Wells Fargo CEO: We Can Block Customers From Filing Lawsuits Because We Promise To Not Screw Up Again

Imagine a teenager who has been repeatedly caught sneaking out with their friends to get drunk and pilfer garden gnomes from the neighborhood. The teen’s parents ask “Why should we trust you anymore?” and the best answer the adolescent nincompoop can provide is, “Because I started cleaning my room and I’m gonna pass that Geometry quiz, I think.” Now, replace that teen with Wells Fargo, and you’ll basically have the scene from this morning’s Senate Banking Committee hearing.

At the hearing, Sen. Sherrod Brown of Ohio asked Wells Fargo CEO Tim Sloan directly if the bank has plans to rein in its use of forced arbitration, which prevents customers from filing lawsuits against Wells, even over accounts they never opened in the first place. Instead, wronged customers must go through individual, closed-door arbitration — a process that many Americans don’t even know exists until they try to sue their bank.

“For years, your bank used forced arbitration to hide cases where customers alleged fake accounts had been opened in their names,” said Brown. “Not only did you use forced arbitration to keep the fraud hidden — that’s what it did — but your bank’s also taken the position that the fine print on a real account should apply to a fraudulent one.”

Sen. Brown asked Sloan if Wells Fargo was willing to commit to ending its use of this practice. Not shockingly, Sloan’s answer was “No.”

But rather than launch into the normal litany of half-truths that the banking industry often uses to justify this practice, Sloan instead made the risible argument that Wells Fargo had improved so much in the last year that customers wouldn’t need to sue.

“When I hear the word arbitration, what I hear is the word ‘failing,’ and when we have to resort to — and have to have a conversation with our customers about — arbitration, it means that we don’t have the right product, we haven’t provided it in the right way, we haven’t responded to their complaint, and we haven’t made it right to them,” explained Sloan, who then went into detail about how Wells is reviewing all its products, improving its training, and aiming to resolve disputes immediately.

The problem is, the fake account scandal wasn’t about bad products, poor customer service, or dispute resolution. It was about Wells Fargo employees trying to make sales quotas by opening multiple, bogus accounts in the names of existing customers. That is an allegation of fraud, not shoddy service.

Sloan’s response came across like a fast food CEO responding to a food borne illness outbreak by saying “We’ve sped up the drive-thru and added Crystal Pepsi to the soda fountain!”

Brown was more polite, thanking the CEO for his “long and detailed answer,” before he got back to the main point of his line of questioning:

“You’re still going to use those forced arbitration to take advantage of your customers,” said the senator. “Why should we believe you’re committed to changing your bank’s practices and being fair to customers when you continue to use that behind-closed-doors arbitration system that clearly doesn’t allow customers their day in court?”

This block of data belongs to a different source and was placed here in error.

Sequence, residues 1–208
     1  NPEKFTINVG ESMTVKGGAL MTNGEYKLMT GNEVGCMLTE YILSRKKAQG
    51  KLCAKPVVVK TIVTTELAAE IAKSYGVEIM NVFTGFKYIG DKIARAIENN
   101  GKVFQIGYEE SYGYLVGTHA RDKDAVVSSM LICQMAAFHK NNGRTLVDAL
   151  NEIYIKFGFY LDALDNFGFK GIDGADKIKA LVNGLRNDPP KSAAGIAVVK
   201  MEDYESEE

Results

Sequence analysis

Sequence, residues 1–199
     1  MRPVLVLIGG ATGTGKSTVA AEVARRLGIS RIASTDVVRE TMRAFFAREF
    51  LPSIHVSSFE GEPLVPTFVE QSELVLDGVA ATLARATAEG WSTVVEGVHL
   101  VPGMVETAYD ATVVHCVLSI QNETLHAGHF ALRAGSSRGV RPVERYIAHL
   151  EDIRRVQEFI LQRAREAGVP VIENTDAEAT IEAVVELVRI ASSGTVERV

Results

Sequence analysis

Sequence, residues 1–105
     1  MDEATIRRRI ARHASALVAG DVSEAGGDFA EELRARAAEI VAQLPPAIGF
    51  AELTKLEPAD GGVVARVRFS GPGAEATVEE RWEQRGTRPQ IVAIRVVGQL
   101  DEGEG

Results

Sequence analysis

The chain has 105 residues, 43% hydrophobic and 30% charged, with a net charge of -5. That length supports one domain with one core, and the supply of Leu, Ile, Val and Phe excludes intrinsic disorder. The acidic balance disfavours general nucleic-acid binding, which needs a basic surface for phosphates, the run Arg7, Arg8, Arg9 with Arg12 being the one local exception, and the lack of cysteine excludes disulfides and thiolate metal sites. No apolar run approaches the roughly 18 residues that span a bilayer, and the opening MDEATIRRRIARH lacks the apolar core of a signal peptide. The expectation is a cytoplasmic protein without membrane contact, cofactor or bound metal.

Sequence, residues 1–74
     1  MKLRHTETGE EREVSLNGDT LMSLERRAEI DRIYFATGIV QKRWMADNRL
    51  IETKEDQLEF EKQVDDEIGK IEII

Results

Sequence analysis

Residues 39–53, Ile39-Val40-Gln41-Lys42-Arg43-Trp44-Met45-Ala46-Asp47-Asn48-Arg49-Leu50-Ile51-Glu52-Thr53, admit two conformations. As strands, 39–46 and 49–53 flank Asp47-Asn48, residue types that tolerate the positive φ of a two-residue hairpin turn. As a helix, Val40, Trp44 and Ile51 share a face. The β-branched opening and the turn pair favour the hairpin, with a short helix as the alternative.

This time, Sloan was more explicit in his because-we-promise-to-not-do-it-again reply, saying, “The reason is because I think we’ve made fundamental changes so it will limit the number of times–” before Brown interjected, “I appreciate that, but give them their day in court so that those who you are not able to help or that you’re not able to satisfy?”

That’s when Sloan finally started regurgitating bank industry talking points about the “efficiency” of arbitration, and how the Consumer Financial Protection Bureau’s own study agreed that arbitration can be an expeditious way of resolve a customer’s legal dispute.

But Brown pointed out that this is a very slanted reading of the CFPB study, as this cherry-picked conclusion is about customers who have unique legal disputes with banks; not about the best or most efficient way to hold a bank accountable for a systemic failure to protect its customers from employee fraud.

Though Wells Fargo is attempting to settle some of the lawsuits arising from the ongoing fake account fiasco scandal, the bank continues to argue in court that it should not have to even face these class actions because of arbitration clauses included in customer contracts.

Attorneys representing Wells customers counter that the arbitration agreement only involves disputes over legal issues that could reasonably arise from the normal operation of a financial institution, and that the clauses should not protect a bank from having to answer from deliberate fraud allegedly committed by thousands of employees; bad behavior that bank executives have admitted to knowing about for years.

Last summer the CFPB finalized a new rule that would prevent many banks and other financial services from using forced arbitration to stop class actions. Banks could still compel arbitration in individual disputes, but they would be barred from using that contract clause to prevent customers from joining similar complaints into a single class complaint.

Bank-backed members of Congress are currently attempting to pass a resolution that would undo that rule. That resolution glided through the House on a nearly party-line vote in July, but has been sitting untouched by the Senate since, with some news sources reporting that there aren’t enough votes to pass it in the Senate. That resolution must be signed by the President by early November or the CFPB rule goes into effect.

That’s why the U.S. Chamber of Commerce, and several other bank-backed lobbying groups, recently filed an eleventh-hour lawsuit seeking to overturn the CFPB rule.

Here’s the full interaction between Brown and Sloan (assuming the embedded C-Span video player works; it’s notoriously unreliable):